Travel and Entertainment spending is one of the largest controllable costs for most businesses. The typical Fortune 500 company negotiates discounts with suppliers, has formal policies limiting how much a traveler can spend, and requires its travelers to book all of their flights, hotels, and cars with a travel agency hired by the company. The programs work for the bottom line. However, a study by travel market research group PhoCusWright found that only 30% of US business travelers work for companies with a managed travel program. Among companies with fewer than 50 employees, the number was just 12%.
The managed travel program creates an inherent conflict between the traveler, who would prefer to book whatever arrangements they like, and the people responsible for managing them. “My company trusts me to negotiate big deals or advise important clients,” the traveler says. “Why can’t it trust me to decide which hotel to stay in?” Executives considering the adoption of a managed travel program weigh how it will affect their company culture and morale. “I’m already asking my team to spend the night away from their families. Should I be leaning over their shoulder too closely to see what they spend while they’re on the road?” As a result, companies which have adopted managed travel programs are still seeing, on average, 50% of their hotel bookings taking place outside of the program.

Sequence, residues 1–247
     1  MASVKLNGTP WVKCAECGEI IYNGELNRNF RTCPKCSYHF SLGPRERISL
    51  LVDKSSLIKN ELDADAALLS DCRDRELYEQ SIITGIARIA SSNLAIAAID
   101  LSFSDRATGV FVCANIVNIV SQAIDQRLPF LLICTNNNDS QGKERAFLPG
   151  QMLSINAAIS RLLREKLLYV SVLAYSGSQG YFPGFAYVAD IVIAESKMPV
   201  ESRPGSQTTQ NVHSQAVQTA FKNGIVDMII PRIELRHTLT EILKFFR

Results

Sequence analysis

On the other hand, a blank check means that travelers have an incentive to spend the company’s money in a way that they would never do with their own. It doesn’t make sense to book a flight a day in advance when the trip had been planned a week earlier. Nor is it worthwhile to stay in a four star hotel without needing any of the premium facilities that the hotel offers. Renting a car from the most expensive company just to collect the points isn’t a good use of funds either.
At Clarcity, we believe that the solution requires the alignment of incentives between the traveler and the company. This is why we created the only software as a service travel management and rewards program which gives business travelers more points, miles, gift cards, or cash or for saving their employer money on business travel. Book your plane ticket in advance? You get points. Rent your car from an economy brand? You get more points. Stay at a two star hotel instead of a four star hotel? You get even more points. Eat at an affordable restaurant? Even more points! By sharing the savings, both the company and the traveler benefit.